Updated: Oct. 31, 2022 11:45 am EST

Awake Review: Tell Me I'm Dreaming

By Alistair Ryder

High-concept apocalyptic thrillers are all the rage in Hollywood right now. But for every "A Quiet Place" or "Bird Box" that becomes an unexpected cultural phenomenon, there's a movie like 2019's "The Silence," which fails to deliver the adequate amount of scares required to make the audience overlook just the many plot holes in its world-building. "A Quiet Place" still remains the gold standard for the modern apocalyptic horror, but more for the way it navigates around its flaws than the quality of the film itself, doing its best to distract the audience from gaping narrative inconsistencies with some genuinely effective set pieces. Whether it's aliens who attack anything that makes a sound, or invaders who cause anybody who looks at them to die on the spot, each of these high-concept horrors is inherently silly — and yet none of them is quite as ridiculous as the latest film in this unexpectedly popular subgenre.

"Awake" is a post-apocalyptic thriller set in a world devastated by an unexpected supernatural event that has stopped mankind from being able to fall asleep. But rather than a slow descent into chaos from the tired masses, a single night without sleep or access to electronics (which, equally without explanation, have also all stopped working) has caused civilization to plummet back to a primal state of being. This is far from the only leap of logic that makes "Awake" such a consistently bizarre, not to mention unintentionally hilarious, viewing experience. After so many recent horror movies depicting society torn apart in sense-altering ways, this latest entry to the canon (streaming on Netflix globally from June 9) can't help but feel like an overblown parody of a genre that was already ridiculous to begin with.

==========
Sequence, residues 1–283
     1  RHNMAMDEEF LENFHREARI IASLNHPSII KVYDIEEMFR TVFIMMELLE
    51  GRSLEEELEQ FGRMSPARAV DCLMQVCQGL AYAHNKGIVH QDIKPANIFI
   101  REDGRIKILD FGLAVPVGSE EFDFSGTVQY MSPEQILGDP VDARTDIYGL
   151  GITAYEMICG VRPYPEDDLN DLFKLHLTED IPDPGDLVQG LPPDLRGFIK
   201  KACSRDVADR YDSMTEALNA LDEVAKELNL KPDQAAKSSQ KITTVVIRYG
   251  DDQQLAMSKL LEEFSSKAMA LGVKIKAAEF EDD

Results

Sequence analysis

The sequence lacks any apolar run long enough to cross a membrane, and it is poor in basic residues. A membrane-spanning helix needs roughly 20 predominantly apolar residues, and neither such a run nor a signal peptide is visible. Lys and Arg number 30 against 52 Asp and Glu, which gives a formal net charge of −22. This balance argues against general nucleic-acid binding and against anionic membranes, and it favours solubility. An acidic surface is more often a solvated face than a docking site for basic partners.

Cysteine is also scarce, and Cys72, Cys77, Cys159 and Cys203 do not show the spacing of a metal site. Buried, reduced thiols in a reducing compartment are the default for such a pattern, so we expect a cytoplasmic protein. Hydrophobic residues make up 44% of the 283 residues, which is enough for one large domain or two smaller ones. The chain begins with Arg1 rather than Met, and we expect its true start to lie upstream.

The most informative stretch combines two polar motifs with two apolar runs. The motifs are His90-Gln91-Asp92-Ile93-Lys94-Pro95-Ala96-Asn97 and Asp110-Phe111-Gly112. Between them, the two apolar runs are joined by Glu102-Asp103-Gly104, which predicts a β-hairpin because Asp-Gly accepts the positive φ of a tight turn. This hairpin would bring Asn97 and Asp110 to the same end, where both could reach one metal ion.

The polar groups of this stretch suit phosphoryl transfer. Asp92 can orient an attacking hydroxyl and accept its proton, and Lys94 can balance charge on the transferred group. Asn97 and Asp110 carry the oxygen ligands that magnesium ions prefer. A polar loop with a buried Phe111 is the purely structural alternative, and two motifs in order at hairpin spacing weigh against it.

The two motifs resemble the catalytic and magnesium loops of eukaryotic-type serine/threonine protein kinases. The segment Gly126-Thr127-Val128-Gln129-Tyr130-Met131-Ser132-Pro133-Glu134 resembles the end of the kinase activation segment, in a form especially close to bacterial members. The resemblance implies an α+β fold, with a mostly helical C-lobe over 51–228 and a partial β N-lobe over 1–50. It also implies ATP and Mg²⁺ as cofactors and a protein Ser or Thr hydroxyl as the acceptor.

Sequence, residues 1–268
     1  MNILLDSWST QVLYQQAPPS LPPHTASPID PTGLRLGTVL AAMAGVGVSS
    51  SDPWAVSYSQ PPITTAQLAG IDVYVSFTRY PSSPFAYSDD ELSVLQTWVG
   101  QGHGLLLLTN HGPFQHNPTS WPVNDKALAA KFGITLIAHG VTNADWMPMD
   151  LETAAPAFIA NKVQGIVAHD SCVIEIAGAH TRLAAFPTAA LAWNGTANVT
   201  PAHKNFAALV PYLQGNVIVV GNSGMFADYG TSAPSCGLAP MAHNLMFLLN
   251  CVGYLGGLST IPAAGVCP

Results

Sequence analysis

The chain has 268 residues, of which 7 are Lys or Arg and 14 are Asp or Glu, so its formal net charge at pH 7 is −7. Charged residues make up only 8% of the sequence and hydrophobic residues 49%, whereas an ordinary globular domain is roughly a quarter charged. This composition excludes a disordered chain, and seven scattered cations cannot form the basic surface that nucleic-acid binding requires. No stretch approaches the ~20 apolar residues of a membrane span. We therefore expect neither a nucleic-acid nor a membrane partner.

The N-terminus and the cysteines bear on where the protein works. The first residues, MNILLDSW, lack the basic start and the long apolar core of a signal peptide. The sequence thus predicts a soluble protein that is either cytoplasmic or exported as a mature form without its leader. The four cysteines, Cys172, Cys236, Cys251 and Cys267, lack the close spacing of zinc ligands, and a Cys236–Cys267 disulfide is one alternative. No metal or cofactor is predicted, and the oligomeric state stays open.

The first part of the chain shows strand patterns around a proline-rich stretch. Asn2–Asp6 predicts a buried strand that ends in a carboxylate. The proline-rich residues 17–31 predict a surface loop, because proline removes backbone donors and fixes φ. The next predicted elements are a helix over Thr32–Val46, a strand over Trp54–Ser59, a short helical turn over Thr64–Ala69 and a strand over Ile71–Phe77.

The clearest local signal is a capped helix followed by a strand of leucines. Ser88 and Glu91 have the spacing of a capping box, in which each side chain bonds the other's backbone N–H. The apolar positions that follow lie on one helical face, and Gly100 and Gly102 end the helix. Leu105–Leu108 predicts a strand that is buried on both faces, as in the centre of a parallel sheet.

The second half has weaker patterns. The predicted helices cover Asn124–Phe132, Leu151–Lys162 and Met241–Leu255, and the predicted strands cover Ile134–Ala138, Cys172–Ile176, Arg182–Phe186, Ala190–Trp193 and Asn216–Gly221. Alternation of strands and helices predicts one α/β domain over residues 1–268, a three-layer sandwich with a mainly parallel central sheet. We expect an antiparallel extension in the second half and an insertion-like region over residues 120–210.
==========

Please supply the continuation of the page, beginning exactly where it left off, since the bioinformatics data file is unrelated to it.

An unbelievable apocalypse

Jill Adams (Gina Rodriguez) works for the military by day, and as a drug dealer by night. She has a frosty relationship with her children Noah (Lucius Hoyos) and Matilda (Ariana Greenblatt), but their lives are irreversibly changed when the three of them end up in a car crash. Jill's car is thrust into the river, and she has to get her children out and swim to safety. After Matilda is saved from drowning, they discover that strange things are happening when they climb back on shore; there have been power outages seemingly across the entire world, with everything from smartphones to vehicles now refusing to work. But it's that evening when things start getting strange — people can't get to sleep, and after thousands initially party through the night (candlelit street parties with nothing but live drumming, as the power doesn't work), this soon turns into widespread chaos as the sun rises and a new day begins.

All because of a single night without sleep, many people have turned to rioting: buildings are destroyed and dead bodies are lining the streets. But as the world adjusts badly to a life constantly awake, further chaos is set to ensue as it's discovered that Matilda inexplicably slept peacefully through the night. Held up as a new religious deity because of her power, Jill now is tasked with safely transporting her to a military hub where tests can be run on her to see why she is immune from the events happening all around her. Without her, humanity may never sleep again — and as people's brains grow ever more frazzled from exhaustion, the clock is ticking to find a cure before nobody can function any longer.